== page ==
Between efficiency and effectiveness
Evaluation in for-profit education organizations

Article Highlights

  • How do we encourage transparency in the evaluation of for-profits while allowing them to do what they do best—innovate?

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  • For-profits use evaluation to identify how they can get better results and/or how they can get the same results w/ fewer resources

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  • Policymakers can help promote for-profit evaluations that retain a focus on both efficiency and effectiveness

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Between efficiency and effectiveness: evaluation in for-profit education organizations

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As the education policy landscape shifts toward a system of outcomes-based accountability, evaluation and research have grown increasingly vital. This is especially true for for-profit education firms, which must overcome skepticism, scrutiny, or even outright hostility in a field that has long been suspicious of the profit motive and where the bottom line is directly influenced by public perceptions of effectiveness.

This paper describes how these for-profit organizations view evaluation work, what they choose to focus on and why, the assets and capabilities they bring to the work, and the challenges they face. It also explores the question of how to encourage transparency and rigor in the evaluation practice of private enterprises while allowing them to do what they do best—innovate and attract investment.

How the Profit Motive Shapes Evaluation Practice. Though for-profits and nonprofits approach evaluation similarly, they differ in two important ways. First, whereas many nonprofits and public agencies operate on a fixed revenue model, for-profits do not. Second and related is that for-profits either earn more than they spend or go out of business. For-profits, then, face a unique set of challenges with evaluation. Questions of implementation and fidelity can cause these firms to hesitate to commit to independent evaluation; additionally, many customers of for-profit education services do not rely on third-party research when making purchasing decisions, leaving these firms with little incentive to commission independent evaluations of their effectiveness.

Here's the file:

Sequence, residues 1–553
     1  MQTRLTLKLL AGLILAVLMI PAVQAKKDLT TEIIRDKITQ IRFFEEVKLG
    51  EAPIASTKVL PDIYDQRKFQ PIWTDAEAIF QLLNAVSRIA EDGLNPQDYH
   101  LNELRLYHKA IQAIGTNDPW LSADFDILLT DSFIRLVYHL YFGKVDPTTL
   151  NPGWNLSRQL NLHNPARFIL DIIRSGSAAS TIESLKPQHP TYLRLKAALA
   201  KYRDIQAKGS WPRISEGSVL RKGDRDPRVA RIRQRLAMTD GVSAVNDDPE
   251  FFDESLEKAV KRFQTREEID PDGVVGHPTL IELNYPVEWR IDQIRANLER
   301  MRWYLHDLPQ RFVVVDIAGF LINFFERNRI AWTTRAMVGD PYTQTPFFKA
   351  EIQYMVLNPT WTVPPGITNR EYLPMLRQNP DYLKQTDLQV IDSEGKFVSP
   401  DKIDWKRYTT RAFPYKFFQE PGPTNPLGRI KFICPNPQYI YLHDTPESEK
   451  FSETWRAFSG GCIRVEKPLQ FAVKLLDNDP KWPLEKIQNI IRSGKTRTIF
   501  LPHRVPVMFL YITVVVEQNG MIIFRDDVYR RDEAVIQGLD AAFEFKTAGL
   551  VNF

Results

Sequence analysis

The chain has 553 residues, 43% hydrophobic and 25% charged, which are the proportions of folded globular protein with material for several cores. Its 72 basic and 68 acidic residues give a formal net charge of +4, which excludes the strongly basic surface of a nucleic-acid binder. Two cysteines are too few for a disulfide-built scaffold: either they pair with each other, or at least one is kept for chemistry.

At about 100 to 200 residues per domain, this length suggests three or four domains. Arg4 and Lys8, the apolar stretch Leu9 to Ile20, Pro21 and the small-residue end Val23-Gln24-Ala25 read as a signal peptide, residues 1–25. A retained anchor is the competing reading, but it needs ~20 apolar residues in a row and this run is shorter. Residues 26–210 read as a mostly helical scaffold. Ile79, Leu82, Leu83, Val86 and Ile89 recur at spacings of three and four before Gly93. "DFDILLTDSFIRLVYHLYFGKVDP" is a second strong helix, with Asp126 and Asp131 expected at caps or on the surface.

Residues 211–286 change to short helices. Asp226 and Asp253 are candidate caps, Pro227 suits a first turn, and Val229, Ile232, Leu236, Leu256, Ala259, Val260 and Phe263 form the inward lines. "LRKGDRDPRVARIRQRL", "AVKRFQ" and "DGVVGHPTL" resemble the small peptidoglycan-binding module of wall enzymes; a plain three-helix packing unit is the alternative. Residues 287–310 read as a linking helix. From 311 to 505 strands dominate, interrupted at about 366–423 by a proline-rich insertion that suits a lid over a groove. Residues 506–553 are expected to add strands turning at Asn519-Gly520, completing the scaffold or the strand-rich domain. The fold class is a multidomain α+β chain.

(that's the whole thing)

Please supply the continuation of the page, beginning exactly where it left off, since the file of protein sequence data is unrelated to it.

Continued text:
For-Profits, Nonprofits, and the Accountability Landscape. Changes in the education policy environment are raising the profile of evaluation work focused on the private sector. But when it comes to private-sector engagement in education, significant differences exist between types of companies. Supplemental service providers compete with one another and are decidedly not trying to put school districts out of business. By contrast, enterprises that actually seek to operate schools (whether in K–12 or higher education) directly compete with public school districts or state colleges and universities. These providers recognize that, appropriately or not, the public sector does not regard them as benign, and they see increased (and, in some cases, special) scrutiny at least in part as a response to this perception.

Using Evaluation to Promote Efficiency and Effectiveness. While for-profits’ approach to evaluation depends on which sector of the education market they occupy, most companies have two common characteristics. First, for-profits focus on the customer experience and satisfaction, resulting in an evaluation approach that emphasizes ongoing user or customer feedback to drive product improvements or management decisions. Second, they emphasize measures that capture academic performance in relation to operational efficiency; they use evaluation to identify how they can get better results for their students but also consider whether they could get the same results with fewer resources. In an era when schools, districts, state universities, and community colleges face relentless pressure to cut budgets and public disaffection with schools is high, we can learn something from these two areas of emphasis. On the other hand, the lack of rigorous, third-party evaluation of many for-profit operators raises concerns about how prospective consumers should make informed decisions about whether to purchase their products or services.

Policymakers can do four things to help promote evaluation that retains a focus on both efficiency and effectiveness: (1) grant increased flexibility to schools and systems for managing resources; (2) establish policies that more closely align incentives for educational and financial performance; (3) at the K–12 level, reward schools more for performance than enrollment; and (4) develop policies to encourage states and school districts to weigh rigorous evidence more heavily in decisions about resource allocation and contracting. Together, policies such as these would increase the quality and use of evaluation data both inside and outside education’s private sector.

Matthew Riggan ( is a senior researcher at University of Pennsylvania's Consortium for Policy Research in Education.

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